Dalton football season inspires

By ZACH McFARREN

When I was in high school, I was terrible at football, and really just about every other sport I attempted to play. I was more of a “participant” than I was a productive member of any team. My football career came to a merciful end after my freshman year, and I have never regretted not playing. Despite my name and my lineage, the pigskin was not a friend of mine, nor was I a fan it.

Although I did not inherit my grandpa’s or my dad’s knowledge of or ability to play football, what I did inherit from both of them is a streak of unapologetic emotional reactions to those who give their all to a given endeavor. I find inspiration, authenticity and beauty in anyone who sacrifices themselves for the greater good of those around them.

Throughout the fall, I was moved by a team of young men who performed as a unit and found success on several different levels. Some may have viewed the 2019 Bulldogs as an afterthought when considering who would be in contention for a league title. Seven games and an unblemished record in the WCAL later, these boys found themselves standing alone as league champions.

The speed and athleticism that Dalton ran out on both sides of the ball was often overwhelming to the opposition, and several scores reflected exactly what the game produced. Not all teams were willing to fold so easily, however.

A midseason matchup against Smithville tested the resolve of the young Bulldog team. A back-and-forth contest came down to the final possession with Smithville looking to spoil Dalton’s perfect campaign. A defensive stand on fourth down turned the Smithies away as Dalton earned a hard fought 33-30 victory.

Hillsdale visited Dalton with a similar mindset as Smithville. A much-anticipated contest with league implications turned out to be as advertised. Another three-point victory guaranteed the Dawgs a share of the WCAL crown with two league games left to play.

Victories are just one way to determine success. How players react in the face of adversity is another. While visiting Waynedale, Dalton pulled out a 62-56 victory, but in this case the score may not have been a true indicator of how the contest played out. Our boys were calm in the midst of chaos, and to paraphrase Rudyard Kipling, they took a step toward being men by keeping their heads while all about them, people were losing theirs.

Mother nature was the victor in an early-season game when Fairless visited Dalton. After numerous weather delays, the powers that be postponed the action. Fairless was forced to return to Dalton the following morning to finish the contest, which amounted to just over three minutes. The Dawgs came up on the short end, losing 41-28. In what must have been a difficult situation for coaches and players alike, Dalton made no excuses. They played the cards they were dealt. The loss was their only one during the regular season.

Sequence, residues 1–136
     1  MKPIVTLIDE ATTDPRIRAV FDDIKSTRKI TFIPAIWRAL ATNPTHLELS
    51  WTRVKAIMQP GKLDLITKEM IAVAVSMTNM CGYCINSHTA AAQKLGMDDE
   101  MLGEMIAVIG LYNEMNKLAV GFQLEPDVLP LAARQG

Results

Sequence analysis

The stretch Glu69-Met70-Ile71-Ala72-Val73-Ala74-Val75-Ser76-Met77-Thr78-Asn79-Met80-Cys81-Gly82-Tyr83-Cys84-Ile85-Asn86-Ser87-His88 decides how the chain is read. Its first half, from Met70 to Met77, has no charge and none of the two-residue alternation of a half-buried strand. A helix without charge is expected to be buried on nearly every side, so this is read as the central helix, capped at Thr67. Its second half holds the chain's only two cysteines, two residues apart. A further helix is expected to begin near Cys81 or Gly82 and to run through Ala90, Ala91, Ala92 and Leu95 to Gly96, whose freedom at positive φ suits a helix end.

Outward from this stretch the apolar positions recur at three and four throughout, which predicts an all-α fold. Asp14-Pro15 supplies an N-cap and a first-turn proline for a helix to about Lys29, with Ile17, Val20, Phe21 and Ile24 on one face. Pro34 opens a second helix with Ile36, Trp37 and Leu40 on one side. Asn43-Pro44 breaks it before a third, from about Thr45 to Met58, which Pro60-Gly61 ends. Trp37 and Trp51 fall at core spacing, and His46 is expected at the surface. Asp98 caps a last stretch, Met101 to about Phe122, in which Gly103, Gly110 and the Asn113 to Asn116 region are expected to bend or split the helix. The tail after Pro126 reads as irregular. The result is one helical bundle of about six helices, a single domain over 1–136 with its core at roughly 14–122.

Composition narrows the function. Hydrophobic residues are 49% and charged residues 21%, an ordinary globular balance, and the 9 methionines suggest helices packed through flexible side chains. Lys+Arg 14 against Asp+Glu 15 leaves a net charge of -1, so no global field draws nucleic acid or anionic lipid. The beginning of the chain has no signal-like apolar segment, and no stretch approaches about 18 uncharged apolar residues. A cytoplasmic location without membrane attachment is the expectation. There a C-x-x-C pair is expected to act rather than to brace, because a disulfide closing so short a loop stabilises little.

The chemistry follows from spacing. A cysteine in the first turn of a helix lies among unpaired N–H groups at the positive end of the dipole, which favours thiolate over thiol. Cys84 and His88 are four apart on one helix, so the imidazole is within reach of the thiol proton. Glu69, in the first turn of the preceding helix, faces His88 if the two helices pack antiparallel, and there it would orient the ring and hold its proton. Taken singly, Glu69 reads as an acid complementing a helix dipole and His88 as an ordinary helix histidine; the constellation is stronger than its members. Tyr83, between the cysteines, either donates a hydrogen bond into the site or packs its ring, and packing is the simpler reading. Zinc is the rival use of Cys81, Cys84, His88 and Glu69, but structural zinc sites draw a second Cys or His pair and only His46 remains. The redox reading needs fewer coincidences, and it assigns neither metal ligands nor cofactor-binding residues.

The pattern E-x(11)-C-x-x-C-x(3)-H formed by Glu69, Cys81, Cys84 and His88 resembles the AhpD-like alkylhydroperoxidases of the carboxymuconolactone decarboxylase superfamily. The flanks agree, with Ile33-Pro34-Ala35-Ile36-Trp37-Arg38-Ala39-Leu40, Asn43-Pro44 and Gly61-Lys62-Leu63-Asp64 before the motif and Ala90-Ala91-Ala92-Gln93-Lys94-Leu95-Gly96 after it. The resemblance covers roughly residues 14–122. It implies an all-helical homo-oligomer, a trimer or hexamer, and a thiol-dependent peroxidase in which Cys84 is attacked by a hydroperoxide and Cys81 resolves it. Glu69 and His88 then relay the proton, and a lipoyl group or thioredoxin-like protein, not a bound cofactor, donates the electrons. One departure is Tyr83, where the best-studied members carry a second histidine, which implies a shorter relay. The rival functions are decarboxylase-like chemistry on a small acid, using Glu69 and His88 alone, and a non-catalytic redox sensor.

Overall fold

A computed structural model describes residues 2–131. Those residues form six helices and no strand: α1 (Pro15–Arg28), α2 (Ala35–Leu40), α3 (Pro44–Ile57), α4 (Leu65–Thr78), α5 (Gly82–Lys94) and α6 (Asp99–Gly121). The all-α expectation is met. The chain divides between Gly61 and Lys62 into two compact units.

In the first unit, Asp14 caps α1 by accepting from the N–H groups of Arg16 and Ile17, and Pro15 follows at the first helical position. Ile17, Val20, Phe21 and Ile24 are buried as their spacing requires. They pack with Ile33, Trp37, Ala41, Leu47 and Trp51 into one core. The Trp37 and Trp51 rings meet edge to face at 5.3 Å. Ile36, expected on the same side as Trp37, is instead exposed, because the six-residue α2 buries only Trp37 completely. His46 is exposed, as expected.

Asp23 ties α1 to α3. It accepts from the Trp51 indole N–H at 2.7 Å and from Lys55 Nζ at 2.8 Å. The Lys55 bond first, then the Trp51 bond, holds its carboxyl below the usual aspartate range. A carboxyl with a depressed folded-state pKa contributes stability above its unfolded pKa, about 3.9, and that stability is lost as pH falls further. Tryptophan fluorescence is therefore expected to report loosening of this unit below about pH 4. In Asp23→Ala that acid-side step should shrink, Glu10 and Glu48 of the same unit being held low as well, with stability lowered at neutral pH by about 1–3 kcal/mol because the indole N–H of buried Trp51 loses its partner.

Dalton played four games this fall where the second-half clock ran continuously because they were ahead by 30 or more points. The effort and attitude of the young men gave no hint as to whether they were up by 30 or down by 30. They played with sportsmanship and character. They treated each opponent with respect and never underestimated the opposition. They carried themselves in a way that makes parents, coaches, teachers and everyday fans proud.

The final game of the season, a playoff loss to a talented Fort Frye team, gave the boys one more chance to showcase their ability and character. Once again, Dalton fought. Mistakes were made but did not define them. They played as a team. They played like the champions they are.

I am currently in my eleventh year as a teacher in the Dalton district. In that time, I have had the privilege to coach baseball, girls and boys basketball, and softball. In my time as a teacher and as a coach, I have seen the best of what Dalton has to offer in terms of students and athletes. The character. The demeanor. The kindness. The diligence. The overall regard for the wellbeing of their peers. In truth, it is a beautiful thing to witness, and I am made a better person because of the qualities that these young people display.

Admittedly, I am also sometimes envious of what our students and athletes are capable of. If this year’s football team has taught me anything, it is that talent, courage and grace has largely eluded me. I do not have the ability of Malone, Schlabach, Bidlack or Jarrett. I do not have the tenacity of Geiser, Knetzer, Oswald, Troyer or Baer. I do not hold the line like Ryder, Ramseyer, Lehman, Miller, Miller or Riggenbach. I lack the poise of a Horst or a Beatty or a Miller. And these young men are a small sample size of what exists not only on the football team, but in every student that walks through our halls on any given day.

Sure it’s cliche, but I do learn as much as I teach. I do benefit from what young people have to offer. I appreciate the relationships, the frustrations, the setbacks and the victories, large or small.

Do I think that Dalton is different? Yes. Am I biased? Certainly. But time and again the young people who make up the student population at Dalton Local Schools prove that they are cut from a different cloth. During the 2019 football season, I was honored to report on the young men and their success. With each game, they showed what it means to be a Bulldog. I only hope that I was able to capture that with each column while bringing some of the joy I experienced to those who read the stories.

Zack McFarren is a sportswriter for the Gazette & News, and covered his first Dalton High football season this year.

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